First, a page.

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Preparing for Rio+20: DPI/NGO Conference Day 1

September 4, 2011

In early September, 2011, Human Impacts Institute’s European Representative, Mariana Orozco, will be reporting from her work meeting with global leaders in environmental policy and sustainable development in preparation for the 2012 Rio+20 Earth Summit.

 

 

Join the Community Conversation! How do you think we can effectively engage communities in enviornmental governance and stewardship?

 

On September 3rd, 2011, the 64th Annual UN DPI/NGO Conference got off to an exciting and vibrant note with a packed room, people of all ages and nationalities, representing organizations from all over the world and ready to exchange their ideas on environmental governance and poverty alleviation.

 

A welcome was offered by Kiyo Akasaka, Under Secretary General for Communications and Public Information of the United Nations. He encouraged all to take advantage of the enormous opportunity to get their voices and concerns heard at the conference. He emphasized how it is up to volunteers and NGO’s to go back to their communities and inform, educate, change the attitudes and practices of those around them, knowing they have a strong partner in the UN.

 

Next, Jurgen Nimptsch, the mayor of the city of Bonn, Germany,  took the stage to welcome everyone to the city, and remarked how societies are only as sustainable as the actions of its citizens. U.N. Secretary General Ban-Ki Moon addressed the audience through a video, highlighting the importance of voluntary action for the transformation of patterns and lifestyles, and wished everyone a productive meeting. Flavia Pansieri, Chair of the Consultative Forum in Germany and Executive Coordinator of U.N. Volunteers, rounded off the welcome, commenting on the amazing response of citizens, who are the ones needed to ensure sustainability is environmental, economic and social.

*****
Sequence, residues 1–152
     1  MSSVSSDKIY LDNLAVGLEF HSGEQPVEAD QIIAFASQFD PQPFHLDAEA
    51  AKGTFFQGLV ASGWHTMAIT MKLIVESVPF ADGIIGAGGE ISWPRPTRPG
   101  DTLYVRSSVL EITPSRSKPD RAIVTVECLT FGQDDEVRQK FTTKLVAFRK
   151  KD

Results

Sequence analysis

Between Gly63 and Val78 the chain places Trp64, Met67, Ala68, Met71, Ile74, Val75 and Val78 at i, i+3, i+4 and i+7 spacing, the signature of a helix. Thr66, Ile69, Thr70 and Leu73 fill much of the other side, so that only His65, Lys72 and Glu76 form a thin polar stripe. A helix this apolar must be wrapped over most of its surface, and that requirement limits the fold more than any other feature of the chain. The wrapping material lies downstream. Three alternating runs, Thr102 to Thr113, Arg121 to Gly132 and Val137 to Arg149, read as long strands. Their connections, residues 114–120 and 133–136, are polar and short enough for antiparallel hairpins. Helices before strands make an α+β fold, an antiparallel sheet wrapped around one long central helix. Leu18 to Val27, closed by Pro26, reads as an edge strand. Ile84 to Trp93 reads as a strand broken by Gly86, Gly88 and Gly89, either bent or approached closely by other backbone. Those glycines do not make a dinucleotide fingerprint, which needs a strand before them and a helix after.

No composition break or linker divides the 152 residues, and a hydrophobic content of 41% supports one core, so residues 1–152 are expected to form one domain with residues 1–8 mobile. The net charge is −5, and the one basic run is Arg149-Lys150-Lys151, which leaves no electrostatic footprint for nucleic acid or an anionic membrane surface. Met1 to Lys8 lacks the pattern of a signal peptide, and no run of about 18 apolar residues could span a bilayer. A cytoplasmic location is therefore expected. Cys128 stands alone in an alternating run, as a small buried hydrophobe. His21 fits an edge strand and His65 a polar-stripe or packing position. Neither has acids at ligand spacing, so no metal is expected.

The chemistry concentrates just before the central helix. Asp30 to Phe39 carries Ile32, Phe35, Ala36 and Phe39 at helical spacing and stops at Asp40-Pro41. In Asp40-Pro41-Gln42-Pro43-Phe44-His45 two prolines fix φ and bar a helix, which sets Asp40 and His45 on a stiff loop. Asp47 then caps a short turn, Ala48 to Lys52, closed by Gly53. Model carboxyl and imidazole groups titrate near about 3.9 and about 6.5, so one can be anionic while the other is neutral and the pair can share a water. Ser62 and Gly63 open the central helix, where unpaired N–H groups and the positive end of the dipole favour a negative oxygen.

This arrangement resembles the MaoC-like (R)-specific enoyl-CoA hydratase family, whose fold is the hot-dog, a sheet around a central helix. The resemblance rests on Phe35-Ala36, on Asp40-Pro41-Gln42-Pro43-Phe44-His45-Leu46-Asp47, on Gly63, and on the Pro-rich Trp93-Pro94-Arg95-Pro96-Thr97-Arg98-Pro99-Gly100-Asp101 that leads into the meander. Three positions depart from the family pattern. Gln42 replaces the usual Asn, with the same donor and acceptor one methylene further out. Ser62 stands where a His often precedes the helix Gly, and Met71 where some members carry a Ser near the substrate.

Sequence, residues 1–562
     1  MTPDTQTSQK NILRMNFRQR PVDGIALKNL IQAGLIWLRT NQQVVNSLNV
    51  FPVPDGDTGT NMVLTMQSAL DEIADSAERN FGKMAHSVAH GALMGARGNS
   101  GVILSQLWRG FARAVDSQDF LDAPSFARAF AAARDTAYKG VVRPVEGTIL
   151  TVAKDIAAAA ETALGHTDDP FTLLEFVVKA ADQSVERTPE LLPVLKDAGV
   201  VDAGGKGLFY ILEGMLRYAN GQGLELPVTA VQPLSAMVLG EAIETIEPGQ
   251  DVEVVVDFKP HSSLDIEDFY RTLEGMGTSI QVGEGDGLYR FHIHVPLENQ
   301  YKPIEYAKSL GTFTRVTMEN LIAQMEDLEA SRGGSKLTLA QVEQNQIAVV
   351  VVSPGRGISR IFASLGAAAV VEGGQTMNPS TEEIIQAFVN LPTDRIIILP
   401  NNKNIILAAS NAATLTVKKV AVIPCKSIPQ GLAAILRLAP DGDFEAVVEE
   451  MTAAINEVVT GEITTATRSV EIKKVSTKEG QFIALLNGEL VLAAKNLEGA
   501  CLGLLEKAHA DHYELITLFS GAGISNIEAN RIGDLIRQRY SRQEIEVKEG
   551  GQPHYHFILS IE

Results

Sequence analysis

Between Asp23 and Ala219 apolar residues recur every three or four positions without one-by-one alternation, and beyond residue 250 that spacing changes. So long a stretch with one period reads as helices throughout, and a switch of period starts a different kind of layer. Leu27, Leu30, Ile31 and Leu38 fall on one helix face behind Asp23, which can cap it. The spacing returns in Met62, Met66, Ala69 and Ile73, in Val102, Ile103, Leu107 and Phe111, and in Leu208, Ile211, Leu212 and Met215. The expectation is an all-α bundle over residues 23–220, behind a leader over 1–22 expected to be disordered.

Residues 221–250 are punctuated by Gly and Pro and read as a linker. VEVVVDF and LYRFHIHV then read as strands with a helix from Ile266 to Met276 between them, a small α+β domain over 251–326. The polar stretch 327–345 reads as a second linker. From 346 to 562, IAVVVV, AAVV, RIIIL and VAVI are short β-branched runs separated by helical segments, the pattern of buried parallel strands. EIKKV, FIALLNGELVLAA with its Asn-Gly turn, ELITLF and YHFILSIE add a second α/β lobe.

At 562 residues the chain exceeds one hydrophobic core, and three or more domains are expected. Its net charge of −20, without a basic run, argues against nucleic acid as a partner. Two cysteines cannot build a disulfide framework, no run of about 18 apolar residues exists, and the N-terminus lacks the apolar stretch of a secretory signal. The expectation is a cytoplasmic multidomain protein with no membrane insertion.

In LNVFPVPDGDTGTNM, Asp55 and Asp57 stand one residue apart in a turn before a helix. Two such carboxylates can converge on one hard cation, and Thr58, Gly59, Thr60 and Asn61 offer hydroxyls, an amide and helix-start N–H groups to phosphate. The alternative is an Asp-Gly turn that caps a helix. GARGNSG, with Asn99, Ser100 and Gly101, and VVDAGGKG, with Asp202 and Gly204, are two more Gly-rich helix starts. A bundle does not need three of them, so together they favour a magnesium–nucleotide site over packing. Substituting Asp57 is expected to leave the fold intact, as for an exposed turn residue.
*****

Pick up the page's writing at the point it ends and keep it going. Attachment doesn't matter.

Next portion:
Vandana Shiva, a well-known environmental activist and eco-feminist, started off by speaking about the importance of food, of protecting citizen freedom, not corporate freedom. That if we cannot protect farmers, who produce the most basic needs, we threaten our survival. She criticized the view that “everything is for sale”, and expressed outrage at how the financial bailout money was spent, when it could have been used towards others goals.

 

Shiva’s message was clear: we cannot separate the economy from ecology or the environment from development, which is what we have done until now. She spoke of respecting the “Rights of Mother Earth’ and to have the humility to see ourselves as a part of the planet, not separate from it. It is this view of being outside the earth that leads us to the dangers associated with geo-engineering, genetic engineering, and an overall lack of responsibility from those who interfere with ecosystems.

 

Next, Grace H. Aguiling, a volunteer and psychologist with VSO Bahaginan, gave a quick overview on the importance of volunteers as catalysts for change, the need for a collective self, taking into account the cultural views on volunteering.

 

Achim Steiner, Executive Director of the United Nation’s Environment Programme (UNEP), addressed the audience and started of by saying that we must recognize that not everything is worse. He described the challenges of today; How the economy has taken priority over the environment. On a sad note, he highlighted the repeal by President Obama of environmental emissions legislation in the U.S. the day before as an example of this. He expressed that we have to change the view that economics overrides everything, and to remember that the environment, the people, and the economy are all one.  Her further emphasized that we must consider banning the word “trade-off” from our discourse.

 

Wrapping up the morning session, Chair of the Conference and Executive Director of theStakeholder Forum, Felix Dodds, remarked how most of the problems on the Rio+20agenda today have been around for 40 years. He spoke of reinforcing Principle 10 of the Rio Declaration, which states that, “Environmental issues are best handled with participation of all concerned citizens, at the relevant level. ” Dodds also emphasized the importance of new technologies in the process, as well as corporate and governmental accountability as a top priority in light of their dismal performance to date.

 

By Mariana Orozco, 2011 Human Impacts Institute Environmental Leadership Intern and European Representative

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